Central Park in Old Louisville has a long and interesting history. It was created in 1904. The idea of creating a green venue for the inhabitants of the city belonged to Frederick Law Olmstead. The park was designed as a place of relaxation where people could have a walk, admire the pond, have a picnic or play tennis. Central Park often hosts diverse concerts, celebrations and oher events. A playground is also available.
5
West End Baptist Church

5) West End Baptist Church

The West End Baptist Church, which was initially built as St. Paul's Episcopal Church is one of the most beautiful Gothic structures in Old Louisville. The architects who worked on the design of the building were the famous William J. Dodd and Mason Maury. The most special feature of the building is the square tower, ornate with numerous decorational elements.
6
Conrad-Caldwell House

6) Conrad-Caldwell House (must see)

Conrad-Caldwell House, or Conrad's Castle is a splendid mansion located in Old Louisville. It was constructed for Theophilus Conrad - a rich businessman in 1895. After the owner's death the house was bought by the Caldwell family. They lived in the mansion for thirty-five years. After the Caldwells, the house was used as a shelter for the Rose Anna Hughes Presbyterian Retirement Home. Today the house serves as a museum. There you can admire Victorian interiors, restored and preserved, belonging to both families. The Conrad-Caldwell House is designed in Richardsonian Romanesque architectural style. Visitors can visit the museum Wednesday- Sunday: 10 am- 5 pm.
7
Pink Palace

7) Pink Palace

The Pink Palace is one of the most popular buildings in Old Louisville. It was built in 1891 as a home for the Gentleman's Club and Casino. Unfortunately, the club enjoyed the palace only for a few years. Later it was purchased by a family who made it their home. After 1910, the building was bought by the Woman's Christian Temperance Union and the palace was painted in pink, which is today its distinguishing feature. The palace is a structure made of bricks. Its design follows the Victorian architectural style with details of Ecletic and Chateauesque. It was built in the style of French palaces. The Pink Palace has the reputation of a haunted house.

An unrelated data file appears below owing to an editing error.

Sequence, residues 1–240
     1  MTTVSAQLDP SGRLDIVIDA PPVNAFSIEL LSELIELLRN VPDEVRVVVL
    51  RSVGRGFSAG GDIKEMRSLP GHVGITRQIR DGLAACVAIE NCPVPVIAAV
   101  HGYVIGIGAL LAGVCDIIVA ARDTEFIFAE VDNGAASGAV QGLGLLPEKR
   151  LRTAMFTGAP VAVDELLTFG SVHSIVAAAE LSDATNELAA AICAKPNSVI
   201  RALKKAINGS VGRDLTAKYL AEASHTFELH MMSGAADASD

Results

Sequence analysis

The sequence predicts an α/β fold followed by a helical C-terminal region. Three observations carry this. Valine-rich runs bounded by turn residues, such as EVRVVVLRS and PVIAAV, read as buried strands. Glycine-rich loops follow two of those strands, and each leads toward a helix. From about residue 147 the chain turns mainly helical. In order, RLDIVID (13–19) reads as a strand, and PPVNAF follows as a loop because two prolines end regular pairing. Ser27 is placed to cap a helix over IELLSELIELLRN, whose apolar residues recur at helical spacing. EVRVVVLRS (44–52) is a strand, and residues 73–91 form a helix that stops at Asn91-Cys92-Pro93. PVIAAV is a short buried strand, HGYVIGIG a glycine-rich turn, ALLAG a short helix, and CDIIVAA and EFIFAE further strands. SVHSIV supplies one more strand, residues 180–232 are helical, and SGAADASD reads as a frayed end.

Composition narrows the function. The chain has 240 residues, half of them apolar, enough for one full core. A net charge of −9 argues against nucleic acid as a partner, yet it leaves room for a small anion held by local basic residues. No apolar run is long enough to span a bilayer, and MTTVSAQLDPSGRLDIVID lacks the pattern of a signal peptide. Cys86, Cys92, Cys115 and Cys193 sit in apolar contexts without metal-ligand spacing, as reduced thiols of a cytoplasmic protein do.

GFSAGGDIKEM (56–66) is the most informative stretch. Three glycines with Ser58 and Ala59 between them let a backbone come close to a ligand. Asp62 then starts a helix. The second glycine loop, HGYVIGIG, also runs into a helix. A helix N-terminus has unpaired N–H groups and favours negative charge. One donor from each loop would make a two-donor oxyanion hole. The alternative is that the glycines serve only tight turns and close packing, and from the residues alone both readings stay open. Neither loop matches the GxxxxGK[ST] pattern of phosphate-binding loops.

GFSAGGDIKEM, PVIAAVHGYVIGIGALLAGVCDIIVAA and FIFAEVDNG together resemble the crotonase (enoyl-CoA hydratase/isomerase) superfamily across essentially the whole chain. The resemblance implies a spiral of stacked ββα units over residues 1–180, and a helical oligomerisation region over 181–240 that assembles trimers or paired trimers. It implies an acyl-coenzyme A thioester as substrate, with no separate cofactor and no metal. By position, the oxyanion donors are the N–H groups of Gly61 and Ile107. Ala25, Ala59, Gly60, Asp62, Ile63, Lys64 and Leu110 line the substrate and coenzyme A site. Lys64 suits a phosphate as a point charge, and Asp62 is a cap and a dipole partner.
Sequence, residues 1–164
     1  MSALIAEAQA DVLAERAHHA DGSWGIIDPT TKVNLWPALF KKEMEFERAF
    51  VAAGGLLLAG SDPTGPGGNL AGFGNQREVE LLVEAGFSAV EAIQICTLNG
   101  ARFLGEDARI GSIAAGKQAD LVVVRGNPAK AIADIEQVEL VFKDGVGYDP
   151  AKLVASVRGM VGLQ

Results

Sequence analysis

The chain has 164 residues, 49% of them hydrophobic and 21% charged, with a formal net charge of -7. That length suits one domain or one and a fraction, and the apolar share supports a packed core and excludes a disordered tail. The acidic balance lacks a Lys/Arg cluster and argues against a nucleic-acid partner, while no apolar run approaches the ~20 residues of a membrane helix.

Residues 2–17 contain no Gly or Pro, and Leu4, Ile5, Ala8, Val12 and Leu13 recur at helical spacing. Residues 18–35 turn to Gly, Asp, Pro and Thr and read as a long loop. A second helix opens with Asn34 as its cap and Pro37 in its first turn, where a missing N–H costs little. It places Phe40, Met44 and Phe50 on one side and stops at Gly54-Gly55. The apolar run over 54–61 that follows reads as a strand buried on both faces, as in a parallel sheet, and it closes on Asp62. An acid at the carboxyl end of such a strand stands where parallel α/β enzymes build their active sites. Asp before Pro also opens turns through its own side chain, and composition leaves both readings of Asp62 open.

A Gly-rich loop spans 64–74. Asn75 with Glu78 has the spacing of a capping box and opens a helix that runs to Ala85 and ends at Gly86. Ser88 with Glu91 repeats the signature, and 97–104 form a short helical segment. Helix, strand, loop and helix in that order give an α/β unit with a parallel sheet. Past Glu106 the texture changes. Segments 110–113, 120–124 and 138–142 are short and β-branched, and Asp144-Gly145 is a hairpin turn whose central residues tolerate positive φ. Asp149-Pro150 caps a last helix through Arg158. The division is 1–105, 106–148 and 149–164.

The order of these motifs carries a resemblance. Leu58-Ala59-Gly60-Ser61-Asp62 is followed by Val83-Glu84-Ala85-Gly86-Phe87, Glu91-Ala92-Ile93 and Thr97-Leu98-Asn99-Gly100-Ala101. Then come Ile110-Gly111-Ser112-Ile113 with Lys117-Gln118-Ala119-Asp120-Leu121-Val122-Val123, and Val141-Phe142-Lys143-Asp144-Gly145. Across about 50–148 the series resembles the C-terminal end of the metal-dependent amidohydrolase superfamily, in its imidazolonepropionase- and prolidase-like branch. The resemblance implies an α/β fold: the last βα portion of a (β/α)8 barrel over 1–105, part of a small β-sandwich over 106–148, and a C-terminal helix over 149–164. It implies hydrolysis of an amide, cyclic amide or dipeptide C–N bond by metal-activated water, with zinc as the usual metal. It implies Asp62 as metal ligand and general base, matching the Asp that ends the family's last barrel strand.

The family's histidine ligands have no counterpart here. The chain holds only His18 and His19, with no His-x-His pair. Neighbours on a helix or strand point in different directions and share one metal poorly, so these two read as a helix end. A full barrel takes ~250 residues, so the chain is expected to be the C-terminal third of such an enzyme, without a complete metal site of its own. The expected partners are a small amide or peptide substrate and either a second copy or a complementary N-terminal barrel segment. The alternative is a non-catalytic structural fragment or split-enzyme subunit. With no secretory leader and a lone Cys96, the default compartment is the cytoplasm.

8
Werne's Row

8) Werne's Row

Werne's Row is a row of five similar houses located in the center of Old Louisville. Joseph Werne, a rich jeweller and antiques salesman was the one who ordered the present mansions for his children. Construction was completed in 1895. The Chateauesque late Victorian houses were designed by William J. Dodd - a famous architect of that period. Even if the houses look very much alike, beautiful decorational details are attached to give each building a personal and unusual style.
9
Church of Saint Philip Neri

9) Church of Saint Philip Neri

The Church of Saint Philip Neri is a Catholic church located in the center of Old Louisville. The construction of the structure took place in 1896. It was named in honor of this important religious personae. The Renaissance architectural style was used in the construction of the church. The interesting thing about the Church of Saint Philip Neri is that it represents a similar yet smaller version of the Church of Gesù in Rome.